Inspecting The Four Common Septic Tanks

There are four common materials used worldwide in making septic tanks. These are

  • Concrete
  • Plastic
  • Steel
  • Fiberglass

Concrete Septic Tanks

concrete septic tank will remain in good shape with regular pumping and maintenance for 40 years. That means that it will probably need about 13 inspections during that period.

What to expect

The cover of a concrete septic tank is typically rated thick enough to have a car driven over it. So, it is hard for the cover to break on that front.

However, inspecting the concrete septic tanks focuses more on the tank’s body and seepage into the soil and water table.

The tank’s body can crack if it is built using poorly mixed concrete. The sub-standard mix will erode quickly and badly, leaving the tank vulnerable to cracks.

The inspector will check for any cracks along the body of the tanks.

If the cover is not secure, surface runoff can cause the tank to flood and overflow during the rainy season. Groundwater can also seep into the tank, increasing the volume and causing an overflow. Flooding on the ground will tip the inspector to a leaning problem.

Baffles (the drains that prevent solids from flowing out of the tank) are also likely to get damaged, allowing soil into the leach field.

Lastly, the inspector will check if the concrete tank is well settled in the soil. That is because the concrete can settle poorly, causing the tank to tip, which results in leaks and poor operation.

Steel Septic Tanks

steel septic tank has a lifespan of 20 to 25 years. After that, it will succumb to rust, which causes it to collapse and spill the contents.

What To Expect

Unfortunately, its baffles will be long gone even before the tank deteriorates. So, a septic tank inspector will check the baffles and overall integrity of the steel.

Once the baffles rust, they will release sludge and scum into the leach field. So, the inspection team will look for any signs of rust and deterioration on the cover. That is because rusted covers can collapse when one is standing on top of them, resulting in death.

Children are especially vulnerable to this hazard as they play in the yard.

Also, the team will look at the leach field for any signs that solids have seeped into it. They will also check the soundness of the bottom of the septic tank.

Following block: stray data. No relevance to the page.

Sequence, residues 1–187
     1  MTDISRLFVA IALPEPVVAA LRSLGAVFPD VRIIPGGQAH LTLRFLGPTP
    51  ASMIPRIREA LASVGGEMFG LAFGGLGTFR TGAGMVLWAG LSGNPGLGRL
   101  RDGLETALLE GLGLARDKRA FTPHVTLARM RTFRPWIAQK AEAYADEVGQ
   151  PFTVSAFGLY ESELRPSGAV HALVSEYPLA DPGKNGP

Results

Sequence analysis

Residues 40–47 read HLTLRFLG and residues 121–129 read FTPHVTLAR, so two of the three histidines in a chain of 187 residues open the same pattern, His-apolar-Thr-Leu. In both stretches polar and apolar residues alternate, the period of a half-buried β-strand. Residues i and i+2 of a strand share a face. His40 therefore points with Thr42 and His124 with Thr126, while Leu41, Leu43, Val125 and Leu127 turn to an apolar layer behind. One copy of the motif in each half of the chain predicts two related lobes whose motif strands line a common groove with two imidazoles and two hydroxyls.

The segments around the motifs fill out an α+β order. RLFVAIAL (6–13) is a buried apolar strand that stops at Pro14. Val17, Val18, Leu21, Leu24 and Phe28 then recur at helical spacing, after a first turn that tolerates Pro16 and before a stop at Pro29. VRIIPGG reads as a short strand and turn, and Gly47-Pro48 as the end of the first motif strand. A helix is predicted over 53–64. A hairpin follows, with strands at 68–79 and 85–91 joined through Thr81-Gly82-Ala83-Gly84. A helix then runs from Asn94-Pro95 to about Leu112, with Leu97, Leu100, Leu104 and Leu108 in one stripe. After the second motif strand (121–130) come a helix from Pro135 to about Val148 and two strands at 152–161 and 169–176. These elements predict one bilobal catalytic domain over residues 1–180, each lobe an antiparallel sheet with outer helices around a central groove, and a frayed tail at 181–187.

Plastic And Fiberglass Septic Tanks

Plastic and fiberglass septic tanks are inspected similarly because their materials are similar in composition.

Unlike steel and concrete, they are very resistant to corrosion and cracks. You can expect to use a fiberglass septic tank for 30 to 40 years, while a plastic tank can go for at least 30 years.

What To Expect

The inspector will check whether the plastic/fiberglass plug at the bottom of the tank has been lost. If it is dislodged, it could mean there has been seepage into the surrounding soil.

The team will also check for any damage during installation that may cause breakage on the tank. Unfortunately, such a crack may not be evident until the tank is pumped. However, the leak in surrounding areas will give the inspector an idea of what is happening.

Also, shallow levels of effluent can signify a crack or leak.

Finally, they will check for any underground water forcing the tank upward. Fiberglass and plastic are buoyant, especially when empty, like at the initial installation.

If installed too close to the water table, the water pushes the tank upwards, cracking connections like baffles and pipes. The inspector will look for any loose connections and inquire about the last tank pumping records.


Hubert Miles | Licensed Home Inspector, CMI, CPI

Hubert Miles is a licensed home inspector (RBI# 2556) with more than two decades of experience in inspection and construction. Since 2008, he has been serving South Carolina through his company, Patriot Home Inspections LLC. As a Certified Master Inspector, Hubert is dedicated to providing his expertise in home inspections, repairs, maintenance, and DIY projects.